The new monument in Chesnyky. Photo © RJH.

During the past two years we have been following a quiet and steadfast memorial marker project managed and funded by the United Jewish Community of Ukraine (UJCU) based in Dnipro, in which black granite markers are placed at Jewish cemetery and mass grave sites in Ukraine which lack other forms of identification, in cooperation with municipalities and local heritage activists. Typically the markers are inscribed with one or more Jewish symbols, the name of the Jewish community which is commemorated, and in some cases also a brief history of the community and the site. This marking effort, as a form of heritage identification, is one of the most important ways to recover and protect the memory of the prewar communities and the tragedy of the Holocaust. Marla and I have contributed to UJCU’s effort by providing comprehensive geographical and terrain information about unmarked Jewish burial sites from the nearly 350 sites we have personally visited in the three westernmost oblasts of Ukraine. In November we were pleased to join in the unveiling of a new marker in the village of Chesnyky near Rohatyn; Chesnyky Jewish families died at a killing site near the edge of the village and in the Rohatyn ghetto aktions during WWII. As the Ukraine-wide UJCU project continues in the next years, we look forward to additional markers being placed in the Rohatyn area, perhaps at the unmarked Jewish cemeteries in Bukachivtsi, Kniahynychi, and/or Zhuriv.

The Rosolovska family with Rabbi Kolesnyk at the monument dedication in Chesnyky. Photo © RJH.


Although the pandemic brought some of our practical work to a halt in 2020 and 2021, we found that the groundwork we had already done on Marla’s Fulbright-sponsored research project to document best practices and resources for Jewish cemetery preservation in our region (what we call “JHG”, for “Jewish Heritage Guide”) enabled us to keep developing that website, and earlier this year we completed all of the core components of the project in English. Our website was featured as a grassroots initiative in a Catalogue of Best Practices for Jewish Cemetery Preservation published this year by ESJF European Jewish Cemeteries Initiative and its partners (Rohatyn Jewish Heritage is also featured, as a “voice of the community”). Translation of the JHG website into Ukrainian is still progressing with our (overworked!) primary translator, complicated by the technical nature of many of the topics and by the sheer size of the website.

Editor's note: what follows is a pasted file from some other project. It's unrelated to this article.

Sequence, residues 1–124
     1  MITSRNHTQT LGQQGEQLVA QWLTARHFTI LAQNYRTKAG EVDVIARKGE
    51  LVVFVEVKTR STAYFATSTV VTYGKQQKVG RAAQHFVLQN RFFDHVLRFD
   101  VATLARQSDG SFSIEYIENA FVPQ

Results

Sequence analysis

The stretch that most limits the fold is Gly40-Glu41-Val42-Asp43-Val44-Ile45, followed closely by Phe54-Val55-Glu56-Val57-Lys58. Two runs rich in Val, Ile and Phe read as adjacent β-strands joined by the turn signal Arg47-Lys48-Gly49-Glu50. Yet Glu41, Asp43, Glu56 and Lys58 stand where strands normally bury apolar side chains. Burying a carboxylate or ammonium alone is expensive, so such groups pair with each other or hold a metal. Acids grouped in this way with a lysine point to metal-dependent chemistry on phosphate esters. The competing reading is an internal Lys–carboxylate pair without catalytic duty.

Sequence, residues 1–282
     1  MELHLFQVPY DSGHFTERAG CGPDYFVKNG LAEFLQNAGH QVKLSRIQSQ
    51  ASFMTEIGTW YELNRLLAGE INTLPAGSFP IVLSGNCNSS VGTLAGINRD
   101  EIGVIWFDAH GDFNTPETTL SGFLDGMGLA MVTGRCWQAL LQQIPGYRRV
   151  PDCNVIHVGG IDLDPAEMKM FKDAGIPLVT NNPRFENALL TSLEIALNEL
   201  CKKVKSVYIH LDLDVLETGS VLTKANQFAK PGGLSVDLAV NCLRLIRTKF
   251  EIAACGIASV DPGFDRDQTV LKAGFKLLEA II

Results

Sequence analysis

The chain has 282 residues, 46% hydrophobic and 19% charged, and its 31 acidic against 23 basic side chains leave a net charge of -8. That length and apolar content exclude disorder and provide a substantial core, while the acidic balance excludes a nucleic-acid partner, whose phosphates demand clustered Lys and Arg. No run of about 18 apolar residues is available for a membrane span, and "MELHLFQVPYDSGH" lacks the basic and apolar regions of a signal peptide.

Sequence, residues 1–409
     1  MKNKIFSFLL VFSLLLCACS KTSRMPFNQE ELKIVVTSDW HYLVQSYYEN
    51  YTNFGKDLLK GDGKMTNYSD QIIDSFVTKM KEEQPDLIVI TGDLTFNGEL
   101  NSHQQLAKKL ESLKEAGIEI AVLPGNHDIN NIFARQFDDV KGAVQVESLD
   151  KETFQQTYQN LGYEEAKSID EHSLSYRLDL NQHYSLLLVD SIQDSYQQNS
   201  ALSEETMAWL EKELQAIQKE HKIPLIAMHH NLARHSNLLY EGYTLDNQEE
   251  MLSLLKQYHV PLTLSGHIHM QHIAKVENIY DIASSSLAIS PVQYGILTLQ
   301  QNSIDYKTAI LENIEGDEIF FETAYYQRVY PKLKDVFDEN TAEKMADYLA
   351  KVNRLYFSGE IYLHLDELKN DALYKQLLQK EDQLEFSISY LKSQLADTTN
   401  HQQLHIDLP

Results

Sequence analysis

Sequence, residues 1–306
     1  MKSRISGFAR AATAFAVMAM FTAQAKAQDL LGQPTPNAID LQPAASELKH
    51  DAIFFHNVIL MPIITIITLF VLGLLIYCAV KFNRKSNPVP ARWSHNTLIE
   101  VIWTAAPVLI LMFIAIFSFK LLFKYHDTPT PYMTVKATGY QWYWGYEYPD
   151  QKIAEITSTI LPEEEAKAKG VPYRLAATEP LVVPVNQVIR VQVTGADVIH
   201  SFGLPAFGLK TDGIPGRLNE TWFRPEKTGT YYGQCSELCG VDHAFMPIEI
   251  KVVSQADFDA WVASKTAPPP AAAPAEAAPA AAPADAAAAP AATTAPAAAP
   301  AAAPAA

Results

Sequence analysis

Visiting the unmarked Jewish cemetery in Ustechko (Ternopil oblast)
as part of our research this year. Photo © RJH.

The time away from Ukraine also strengthened our research into the locations and characteristics of Jewish cemeteries and mass graves in western Ukraine, and our resolve to see in person all of the burial sites which have well-define locations. Of about 530 identified cemeteries and mass graves in the Lviv, Ivano-Frankivsk, and Ternopil oblasts, two-thirds are precisely located (more than 150 mass graves are identified but without visual evidence or published research). In an intensive series of visual survey trips during the last four months of this year, with Vasyl and sometimes with other colleagues we completed our survey, reaching all but one of the known places for inspection and commemoration.